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Tuesday, June 14, 2011

Safe way to close down a ClientBase<T> object

Recently a good friend of drew my attention to a situation I consider a bad disposable object implement and pointed me kindly to an MSDN article offering some words of advice and work around. This saved me considerable research effort. I will address the bad disposable object implementation later.

The problem is that when using the using statement to dispose a ClientBase(of T) object, the base class of WCF proxy stub, you can run into a problem where leaving the using scope the exception thrown in the Dispose() can mask out application exception that causes the execution to leave the scope in the first place. This denies the client the knowledge of the application exception.

The MSDN article explains this phenomenon very clearly and provides an excellent recommendation to handle this problem. The recommended work around places higher value on the application exception as compared to the one that is likely to happen when the Dispose(), or rather Close(), is called. The recommendation uses a multi-level of catches and then use either ClientBase(of T).Close() or its no-throw equivalent ClientBase(of T).Abort() strategically.

While the work around code presented in the article is written in a style that shows clearly how to tackle the problem, it is rather clumsy to use in real life. It expects too much from developer to know when to called Abort() and when to call Close(). Furthermore, it changes the shape of the code drastically to a somewhat awkward and unfamiliar form. It therefore leaves room for improvement and a simple class designed to meet the following objectives is described below:
  • Perform automatic closure of the ICommunicationObject using the same elegant form of the using statement.
  • Prevent the application exception, the one that is thrown inside the using statement scope, from being masked and passing it to the client unhindered.
  • If no application exception, it allows exception that can be generated during the disposable of the ICommunicationObject to pass to the client.
I want to use a pattern like this:
public void GetSomeData( .... ) {
   using( SomeHelper helper = new SomeHelper( new CalculatorClient() ) ) {
      GetData( helper.Instance() );

This SomeHelper class must meet the above objectives.

Recognizing the issue at hand is how to handle the System.ServiceModel.ICommunicationObject, one of the interfaces implemented by ClientBase(of T), I construct the following disposable generic class called SafeCommunicationDisposal.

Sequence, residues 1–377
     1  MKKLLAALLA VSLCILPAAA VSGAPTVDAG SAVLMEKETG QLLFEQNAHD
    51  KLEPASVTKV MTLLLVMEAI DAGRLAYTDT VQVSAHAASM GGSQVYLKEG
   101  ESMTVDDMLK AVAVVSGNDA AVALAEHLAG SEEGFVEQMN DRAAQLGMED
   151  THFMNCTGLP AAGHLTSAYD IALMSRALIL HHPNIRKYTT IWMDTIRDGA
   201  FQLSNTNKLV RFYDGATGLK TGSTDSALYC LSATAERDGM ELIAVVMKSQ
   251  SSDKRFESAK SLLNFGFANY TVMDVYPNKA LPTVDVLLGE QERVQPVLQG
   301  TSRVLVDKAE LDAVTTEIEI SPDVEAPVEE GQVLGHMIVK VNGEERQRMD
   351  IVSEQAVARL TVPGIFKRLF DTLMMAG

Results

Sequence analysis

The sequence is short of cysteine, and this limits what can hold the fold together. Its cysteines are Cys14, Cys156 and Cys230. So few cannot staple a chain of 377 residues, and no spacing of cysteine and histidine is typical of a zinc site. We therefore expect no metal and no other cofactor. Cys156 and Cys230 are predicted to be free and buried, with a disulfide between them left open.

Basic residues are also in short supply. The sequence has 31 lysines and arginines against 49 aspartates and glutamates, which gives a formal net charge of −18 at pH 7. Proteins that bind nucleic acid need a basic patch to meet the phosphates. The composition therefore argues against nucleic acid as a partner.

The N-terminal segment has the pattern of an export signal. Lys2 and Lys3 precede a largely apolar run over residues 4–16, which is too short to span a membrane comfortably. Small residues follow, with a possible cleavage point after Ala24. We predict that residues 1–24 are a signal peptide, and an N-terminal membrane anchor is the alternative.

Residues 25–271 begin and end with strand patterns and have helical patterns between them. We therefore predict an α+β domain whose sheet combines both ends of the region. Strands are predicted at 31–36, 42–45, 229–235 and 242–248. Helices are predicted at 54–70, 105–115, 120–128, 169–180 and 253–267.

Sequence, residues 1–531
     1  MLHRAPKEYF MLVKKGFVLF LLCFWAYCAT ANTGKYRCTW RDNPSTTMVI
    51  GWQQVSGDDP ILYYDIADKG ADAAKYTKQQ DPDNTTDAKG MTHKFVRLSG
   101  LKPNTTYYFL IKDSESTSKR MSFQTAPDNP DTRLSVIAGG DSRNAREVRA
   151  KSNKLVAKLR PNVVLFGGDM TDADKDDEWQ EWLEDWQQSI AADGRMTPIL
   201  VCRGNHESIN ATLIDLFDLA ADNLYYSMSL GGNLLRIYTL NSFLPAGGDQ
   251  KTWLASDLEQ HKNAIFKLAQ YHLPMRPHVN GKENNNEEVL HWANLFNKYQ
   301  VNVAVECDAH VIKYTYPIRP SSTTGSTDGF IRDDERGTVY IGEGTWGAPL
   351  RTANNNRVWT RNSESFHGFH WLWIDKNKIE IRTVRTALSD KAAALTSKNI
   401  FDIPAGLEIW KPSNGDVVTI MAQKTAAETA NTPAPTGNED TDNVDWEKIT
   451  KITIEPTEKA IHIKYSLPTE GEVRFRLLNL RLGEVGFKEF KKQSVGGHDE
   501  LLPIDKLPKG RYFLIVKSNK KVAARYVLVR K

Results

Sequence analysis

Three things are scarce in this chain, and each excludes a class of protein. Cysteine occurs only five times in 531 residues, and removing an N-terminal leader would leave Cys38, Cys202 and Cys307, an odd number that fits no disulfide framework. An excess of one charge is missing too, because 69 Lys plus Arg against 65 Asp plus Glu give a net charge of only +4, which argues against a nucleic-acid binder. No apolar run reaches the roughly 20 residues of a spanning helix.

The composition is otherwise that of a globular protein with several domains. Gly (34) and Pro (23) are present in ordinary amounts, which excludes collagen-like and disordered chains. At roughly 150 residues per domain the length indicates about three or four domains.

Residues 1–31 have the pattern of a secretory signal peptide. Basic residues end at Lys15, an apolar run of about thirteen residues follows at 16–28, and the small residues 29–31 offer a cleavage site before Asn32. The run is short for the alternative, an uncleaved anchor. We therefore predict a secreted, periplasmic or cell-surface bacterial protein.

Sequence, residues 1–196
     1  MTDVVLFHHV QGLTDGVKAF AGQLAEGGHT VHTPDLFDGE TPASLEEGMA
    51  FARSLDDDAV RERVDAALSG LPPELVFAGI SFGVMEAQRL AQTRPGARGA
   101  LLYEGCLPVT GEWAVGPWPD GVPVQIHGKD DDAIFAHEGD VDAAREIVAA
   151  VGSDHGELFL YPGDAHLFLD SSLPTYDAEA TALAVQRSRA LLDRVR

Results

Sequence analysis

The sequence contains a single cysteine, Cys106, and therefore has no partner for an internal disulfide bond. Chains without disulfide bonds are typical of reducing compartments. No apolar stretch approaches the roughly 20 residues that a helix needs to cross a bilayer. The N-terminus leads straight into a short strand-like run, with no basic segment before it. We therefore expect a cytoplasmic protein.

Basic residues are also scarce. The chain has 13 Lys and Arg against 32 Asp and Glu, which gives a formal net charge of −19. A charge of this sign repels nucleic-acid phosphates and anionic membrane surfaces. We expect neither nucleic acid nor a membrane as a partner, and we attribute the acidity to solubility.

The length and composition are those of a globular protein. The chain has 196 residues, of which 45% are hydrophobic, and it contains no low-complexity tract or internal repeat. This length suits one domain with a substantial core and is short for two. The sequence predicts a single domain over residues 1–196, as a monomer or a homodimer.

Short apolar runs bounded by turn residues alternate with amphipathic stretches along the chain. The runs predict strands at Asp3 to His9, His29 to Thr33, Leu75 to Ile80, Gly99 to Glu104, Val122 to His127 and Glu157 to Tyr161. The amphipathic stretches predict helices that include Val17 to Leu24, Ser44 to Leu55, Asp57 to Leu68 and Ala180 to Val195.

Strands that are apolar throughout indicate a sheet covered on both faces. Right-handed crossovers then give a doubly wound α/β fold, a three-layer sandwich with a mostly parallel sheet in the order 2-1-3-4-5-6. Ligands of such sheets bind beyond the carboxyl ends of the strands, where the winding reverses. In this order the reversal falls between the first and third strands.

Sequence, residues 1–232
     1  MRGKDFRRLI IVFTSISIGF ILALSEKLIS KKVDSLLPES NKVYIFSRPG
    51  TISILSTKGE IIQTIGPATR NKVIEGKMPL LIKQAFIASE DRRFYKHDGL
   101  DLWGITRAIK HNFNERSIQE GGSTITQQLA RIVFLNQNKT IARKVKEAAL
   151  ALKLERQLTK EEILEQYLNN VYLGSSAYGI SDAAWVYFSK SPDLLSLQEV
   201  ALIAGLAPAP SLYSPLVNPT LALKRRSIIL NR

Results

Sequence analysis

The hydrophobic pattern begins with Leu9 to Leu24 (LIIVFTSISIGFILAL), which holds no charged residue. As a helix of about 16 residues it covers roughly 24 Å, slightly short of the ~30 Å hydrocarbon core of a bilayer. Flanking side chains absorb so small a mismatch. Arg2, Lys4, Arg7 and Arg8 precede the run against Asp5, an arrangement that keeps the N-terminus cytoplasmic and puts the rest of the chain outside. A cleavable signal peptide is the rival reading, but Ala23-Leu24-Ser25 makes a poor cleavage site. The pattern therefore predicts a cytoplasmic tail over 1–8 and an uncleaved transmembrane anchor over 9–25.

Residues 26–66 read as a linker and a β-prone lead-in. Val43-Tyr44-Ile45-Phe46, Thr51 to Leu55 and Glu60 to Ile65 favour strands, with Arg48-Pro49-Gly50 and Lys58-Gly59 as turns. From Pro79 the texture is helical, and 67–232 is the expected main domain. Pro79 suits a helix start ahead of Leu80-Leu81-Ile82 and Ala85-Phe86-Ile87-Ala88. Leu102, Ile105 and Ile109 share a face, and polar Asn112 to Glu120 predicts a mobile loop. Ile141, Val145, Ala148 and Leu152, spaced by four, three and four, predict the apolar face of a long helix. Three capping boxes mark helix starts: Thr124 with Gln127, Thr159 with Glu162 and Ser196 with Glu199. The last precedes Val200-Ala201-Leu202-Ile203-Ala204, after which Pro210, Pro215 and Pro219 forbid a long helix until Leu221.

using System;
using System.ServiceModel;

namespace DisposingCommunicationObject
  public class SafeCommunicationDisposal<T> : IDisposable where T:ICommunicationObject
    public T Instance { get; private set; }
    public bool IsSafeToClose{ get; private set; }
    public void SafeToClose() {
      this.IsSafeToClose = true;
    public SafeCommunicationDisposal (T client) {
      this.Instance = client;
    bool disposed;
    public void Dispose() {
      Dispose( true );
      GC.SuppressFinalize( this );
    private void Dispose( bool disposing ) {
      if( !this.disposed ) {
        if( disposing ) {
        this.disposed = true;
    private void Close() {
      if( IsSafeToClose ) {
      } else {

With this class I can rewrite the naive usage of using the using statment from this:
using( CalculatorClient client = new CalculatorClient() ) {
      // use client to do work
to this form which does not mask out application exception on leaving the using scope and yet closing down the communication object properly:
using( SafeCommunicationDisposal<CalculatorClient> d = 
            new SafeCommunicationDisposal<CalculatorClient> ( new CalculatorClient() ) ) {
     CalculatorClient client = d.Instance;
     // use the client to do work. If it throws exception
     // it will be passed over to the client and not masked by exception 
     // when client.Close() is executed.
     d.SafeToClose(); // This tells SafeCommunicationDisposal to use ICommunicationObject.Close()

The fundamental principle is to tell SafeCommunicationDisposal what to use to close down the ICommunicationObject when execution leaves the using scope.

If it leaves by normal means, the SafeCommunicationDisposal.SafeToClose() sets a flag to tell the SafeCommunicationDisposal.Dispose() to use ICommunicationObject.Close(). If Close() throws an exception, it is then passed to the user.

If it leaves as a result of an application exception, SafeCommunicationDisposal.SafeToClose() will not be executed and SafeCommunicationDisposal.Dispose() will use ICommunicationObject.Abort(), a no-throw method to shut down the communication gracefully. This does not mask out the application exception.

If a developer forgets to call SafeCommunicationDisposal.SafeToClose(), the SafeCommunicationDisposal.Dispose() takes a more defensive route of calling the ICommunicationObject.Abort().

I believe this class can help to make the code more readable, maintainable and using a familiar using pattern to correct the  naive usage that minimize code change.  

The moral of this story is that if you are designing a disposable object, it is wise to heed the following advice "Avoid throwing an exception from within Dispose except under critical situations where the containing process has been corrupted (leaks, inconsistent shared state, etc.).". This is a well known no-no in unmanaged C++.

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